But the schemes have given Roma few worthwhile skills, nor have they opened up any real employment possibilities in a region of high unemployment and endemic racism. In Trebisov, where there is 18 per cent unemployment, just three Roma - all work scheme co-ordinators - have gone on to secure manual jobs as rubbish collectors and security guards.
"Even the whites don't have jobs, so how can we?" said Jozef Copak, a disabled father of seven. "Anyway, when an employer sees it's a Roma he rejects him."
Moreover the benefit cuts, together with rises in value-added tax and excise taxes, have impoverished the Roma further and created more social problems. Mayor Dusan Polacky says many Roma have stopped paying council rents and community charges, while local residents are improving fences and buying dogs to stop thefts from allotments and Roma searching through their bins. "We're the ones who are left to deal with this bad situation," he said.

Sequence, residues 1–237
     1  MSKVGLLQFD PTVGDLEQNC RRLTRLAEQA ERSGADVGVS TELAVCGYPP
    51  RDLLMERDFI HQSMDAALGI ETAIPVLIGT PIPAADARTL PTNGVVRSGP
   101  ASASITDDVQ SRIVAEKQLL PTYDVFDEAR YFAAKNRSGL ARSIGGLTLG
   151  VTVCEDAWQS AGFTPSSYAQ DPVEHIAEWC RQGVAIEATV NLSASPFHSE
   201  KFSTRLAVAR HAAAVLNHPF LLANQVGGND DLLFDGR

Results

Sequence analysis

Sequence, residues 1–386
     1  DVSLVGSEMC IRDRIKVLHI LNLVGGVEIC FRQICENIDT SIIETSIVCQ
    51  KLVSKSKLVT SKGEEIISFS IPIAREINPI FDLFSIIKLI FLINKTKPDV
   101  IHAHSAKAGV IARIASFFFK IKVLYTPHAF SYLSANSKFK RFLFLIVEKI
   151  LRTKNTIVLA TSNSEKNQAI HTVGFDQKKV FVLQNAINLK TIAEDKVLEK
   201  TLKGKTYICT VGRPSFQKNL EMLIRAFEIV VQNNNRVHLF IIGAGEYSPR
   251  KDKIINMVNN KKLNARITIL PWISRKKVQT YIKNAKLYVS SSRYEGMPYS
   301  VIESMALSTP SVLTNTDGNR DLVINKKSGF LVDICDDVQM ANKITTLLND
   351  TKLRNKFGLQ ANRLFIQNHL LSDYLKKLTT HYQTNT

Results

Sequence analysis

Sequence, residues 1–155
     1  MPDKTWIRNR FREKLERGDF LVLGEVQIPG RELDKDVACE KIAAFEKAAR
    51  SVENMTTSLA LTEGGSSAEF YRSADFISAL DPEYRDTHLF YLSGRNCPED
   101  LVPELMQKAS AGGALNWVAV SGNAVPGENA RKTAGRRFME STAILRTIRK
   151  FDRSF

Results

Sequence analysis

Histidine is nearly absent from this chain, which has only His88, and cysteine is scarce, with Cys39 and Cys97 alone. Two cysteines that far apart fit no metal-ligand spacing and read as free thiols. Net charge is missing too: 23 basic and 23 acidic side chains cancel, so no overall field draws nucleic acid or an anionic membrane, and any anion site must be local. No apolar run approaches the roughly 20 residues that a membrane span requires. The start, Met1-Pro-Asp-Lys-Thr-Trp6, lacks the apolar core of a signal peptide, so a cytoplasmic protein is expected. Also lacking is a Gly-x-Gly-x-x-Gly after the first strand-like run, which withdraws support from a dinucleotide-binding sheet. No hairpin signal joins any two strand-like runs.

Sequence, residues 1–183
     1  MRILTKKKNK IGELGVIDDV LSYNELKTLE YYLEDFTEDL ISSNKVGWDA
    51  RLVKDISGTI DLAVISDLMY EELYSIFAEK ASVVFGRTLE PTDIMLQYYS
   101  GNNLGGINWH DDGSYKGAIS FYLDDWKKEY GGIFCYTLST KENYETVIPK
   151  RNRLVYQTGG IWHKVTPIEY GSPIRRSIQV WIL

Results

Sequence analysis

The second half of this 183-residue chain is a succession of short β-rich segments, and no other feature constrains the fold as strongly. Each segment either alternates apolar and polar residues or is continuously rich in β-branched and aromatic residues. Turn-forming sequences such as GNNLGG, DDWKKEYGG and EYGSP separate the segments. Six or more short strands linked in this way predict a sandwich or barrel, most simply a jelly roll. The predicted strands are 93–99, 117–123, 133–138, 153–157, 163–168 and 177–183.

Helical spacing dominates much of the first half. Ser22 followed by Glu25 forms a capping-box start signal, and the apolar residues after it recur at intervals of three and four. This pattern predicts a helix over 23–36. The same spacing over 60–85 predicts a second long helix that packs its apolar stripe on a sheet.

Yet despite initial fears in other countries, few Slovak Roma have responded to the benefit cuts by migrating. Most are too poor to travel and those that have sought work abroad often return disappointed because they lack relevant skills and languages.

Slovak attendance at the Sofia conference on the Roma problem
The Slovaks sent a delegation to the conference opening in Bulgaria in early February concerning the European-wide problem of the Roma. Leaders from Central and Eastern Europe launched in Sofia on February 2nd the Decade of Roma Inclusion - an international initiative to improve the status of Roma, Europe's most vulnerable minority.